On this program, we explore music from the Great American Songbook all exploring the same theme: youth.
Arranger Marty Paich helped define the West Coast cool jazz sound in the 1950s and 1960s, working with Mel Tormé, Anita O'Day, and Chet Baker.
On this show, we take a look at the many songwriters who performed their own songs, including Johnny Mercer, Harold Arlen, and Nina Simone.
On this show, we're looking up at the moon, examining lunar songs of all kinds, with a focus on Mel Tormé's 1960 concept album "Swingin' on the Moon."
While Harry Warren's name may have eluded the spotlight, his songs—like "Lullaby of Broadway," "At Last," and "I Only Have Eyes for You"—never did.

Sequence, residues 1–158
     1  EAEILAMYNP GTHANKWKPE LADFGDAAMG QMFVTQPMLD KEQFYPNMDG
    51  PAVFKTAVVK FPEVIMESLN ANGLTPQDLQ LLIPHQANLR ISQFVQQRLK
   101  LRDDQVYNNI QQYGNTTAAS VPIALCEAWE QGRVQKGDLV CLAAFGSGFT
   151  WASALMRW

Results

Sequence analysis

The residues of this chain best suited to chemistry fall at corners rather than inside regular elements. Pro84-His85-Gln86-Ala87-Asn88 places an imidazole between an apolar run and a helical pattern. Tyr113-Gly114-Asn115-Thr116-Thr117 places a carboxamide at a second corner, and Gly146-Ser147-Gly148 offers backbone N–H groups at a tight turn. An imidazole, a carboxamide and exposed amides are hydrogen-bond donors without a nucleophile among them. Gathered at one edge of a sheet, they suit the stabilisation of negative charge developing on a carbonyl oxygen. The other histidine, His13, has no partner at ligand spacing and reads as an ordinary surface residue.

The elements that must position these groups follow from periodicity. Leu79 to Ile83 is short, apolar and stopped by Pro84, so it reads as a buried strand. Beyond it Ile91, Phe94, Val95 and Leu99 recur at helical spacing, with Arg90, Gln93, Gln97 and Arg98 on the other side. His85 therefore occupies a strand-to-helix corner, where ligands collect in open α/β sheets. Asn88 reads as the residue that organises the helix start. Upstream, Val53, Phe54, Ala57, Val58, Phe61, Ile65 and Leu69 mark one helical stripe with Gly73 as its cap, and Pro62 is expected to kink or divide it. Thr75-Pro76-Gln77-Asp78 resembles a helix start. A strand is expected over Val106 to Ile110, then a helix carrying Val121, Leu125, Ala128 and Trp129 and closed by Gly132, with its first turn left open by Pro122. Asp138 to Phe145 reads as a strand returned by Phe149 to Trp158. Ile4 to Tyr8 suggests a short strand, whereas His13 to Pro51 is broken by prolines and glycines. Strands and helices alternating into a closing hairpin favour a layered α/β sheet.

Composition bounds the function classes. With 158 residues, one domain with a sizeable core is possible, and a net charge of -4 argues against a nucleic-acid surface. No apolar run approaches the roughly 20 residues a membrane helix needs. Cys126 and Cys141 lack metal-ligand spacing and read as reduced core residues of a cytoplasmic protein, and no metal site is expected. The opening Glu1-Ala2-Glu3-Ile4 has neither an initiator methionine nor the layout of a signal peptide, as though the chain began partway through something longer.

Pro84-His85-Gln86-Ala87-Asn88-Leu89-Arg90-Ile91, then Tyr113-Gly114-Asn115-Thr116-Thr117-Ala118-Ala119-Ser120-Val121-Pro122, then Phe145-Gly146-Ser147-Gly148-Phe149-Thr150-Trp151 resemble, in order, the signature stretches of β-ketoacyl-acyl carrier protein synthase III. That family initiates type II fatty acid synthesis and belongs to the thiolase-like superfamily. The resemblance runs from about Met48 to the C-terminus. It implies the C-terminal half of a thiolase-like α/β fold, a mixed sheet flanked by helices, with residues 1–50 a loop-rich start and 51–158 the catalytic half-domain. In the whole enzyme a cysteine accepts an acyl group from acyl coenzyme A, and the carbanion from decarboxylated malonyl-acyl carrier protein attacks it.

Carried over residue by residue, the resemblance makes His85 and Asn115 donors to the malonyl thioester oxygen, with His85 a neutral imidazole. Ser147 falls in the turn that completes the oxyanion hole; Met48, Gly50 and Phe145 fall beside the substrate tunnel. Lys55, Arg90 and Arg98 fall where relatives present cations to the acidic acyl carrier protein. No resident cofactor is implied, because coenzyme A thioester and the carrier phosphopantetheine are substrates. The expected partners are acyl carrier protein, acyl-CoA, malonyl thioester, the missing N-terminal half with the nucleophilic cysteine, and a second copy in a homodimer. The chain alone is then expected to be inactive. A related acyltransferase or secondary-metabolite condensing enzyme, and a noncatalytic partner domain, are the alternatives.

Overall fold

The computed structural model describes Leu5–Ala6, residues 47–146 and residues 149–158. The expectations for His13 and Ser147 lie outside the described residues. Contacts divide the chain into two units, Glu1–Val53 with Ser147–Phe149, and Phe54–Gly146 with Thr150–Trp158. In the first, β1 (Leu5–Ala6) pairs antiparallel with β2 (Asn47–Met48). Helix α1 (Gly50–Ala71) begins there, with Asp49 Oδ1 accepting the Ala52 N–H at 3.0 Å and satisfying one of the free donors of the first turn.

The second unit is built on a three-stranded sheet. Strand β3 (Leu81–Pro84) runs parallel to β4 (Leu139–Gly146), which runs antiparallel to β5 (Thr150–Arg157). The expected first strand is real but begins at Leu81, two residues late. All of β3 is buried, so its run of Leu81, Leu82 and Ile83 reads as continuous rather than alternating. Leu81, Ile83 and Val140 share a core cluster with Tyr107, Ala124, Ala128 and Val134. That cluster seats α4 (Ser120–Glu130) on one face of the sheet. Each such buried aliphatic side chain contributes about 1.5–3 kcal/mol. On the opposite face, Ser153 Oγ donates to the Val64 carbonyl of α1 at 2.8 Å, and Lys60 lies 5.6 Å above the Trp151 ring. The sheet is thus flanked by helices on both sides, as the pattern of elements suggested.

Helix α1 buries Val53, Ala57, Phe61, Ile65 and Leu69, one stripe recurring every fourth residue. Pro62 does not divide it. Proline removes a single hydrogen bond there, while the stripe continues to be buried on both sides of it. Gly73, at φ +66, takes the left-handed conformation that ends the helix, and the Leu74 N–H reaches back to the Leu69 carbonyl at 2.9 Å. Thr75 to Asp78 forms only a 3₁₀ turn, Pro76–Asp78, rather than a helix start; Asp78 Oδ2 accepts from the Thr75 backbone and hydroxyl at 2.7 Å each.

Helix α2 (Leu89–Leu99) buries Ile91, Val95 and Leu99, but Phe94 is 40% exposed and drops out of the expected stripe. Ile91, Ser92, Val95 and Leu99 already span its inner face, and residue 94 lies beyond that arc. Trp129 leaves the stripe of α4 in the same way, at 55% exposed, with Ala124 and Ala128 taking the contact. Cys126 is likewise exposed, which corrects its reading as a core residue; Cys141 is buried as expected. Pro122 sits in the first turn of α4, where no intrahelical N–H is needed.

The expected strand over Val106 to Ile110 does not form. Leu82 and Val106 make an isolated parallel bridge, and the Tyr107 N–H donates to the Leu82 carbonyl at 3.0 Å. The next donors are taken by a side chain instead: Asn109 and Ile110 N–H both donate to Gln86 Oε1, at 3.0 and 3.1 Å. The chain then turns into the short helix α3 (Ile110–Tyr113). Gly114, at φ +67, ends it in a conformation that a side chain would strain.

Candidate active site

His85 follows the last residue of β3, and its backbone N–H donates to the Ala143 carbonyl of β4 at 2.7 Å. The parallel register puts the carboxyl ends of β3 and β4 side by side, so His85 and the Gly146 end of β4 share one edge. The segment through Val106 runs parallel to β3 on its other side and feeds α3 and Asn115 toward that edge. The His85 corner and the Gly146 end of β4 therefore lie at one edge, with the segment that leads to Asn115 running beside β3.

At the height of the swing era many big bands included small singing ensembles in their performances and recordings.
Afterglow takes a tour of America this week with vocal guides Bing Crosby, Anita O'Day, Hoagy Carmichael, Ella Fitzgerald and Louis Armstrong, and more.
Singer Raney's 1992 CD and tribute sets to arranger Russ Garcia and drummer Paul Motian, featuring Louis Armstrong, Anita O’Day, Mel Torme, and Bill Evans.
Full of love, trusting, broken, or otherwise, hearts figure in all of this week's songs.
A tribute to bandleader Artie Shaw highlighting the records he made with vocalists, including Helen Forrest, Billie Holiday, and Mel Torme.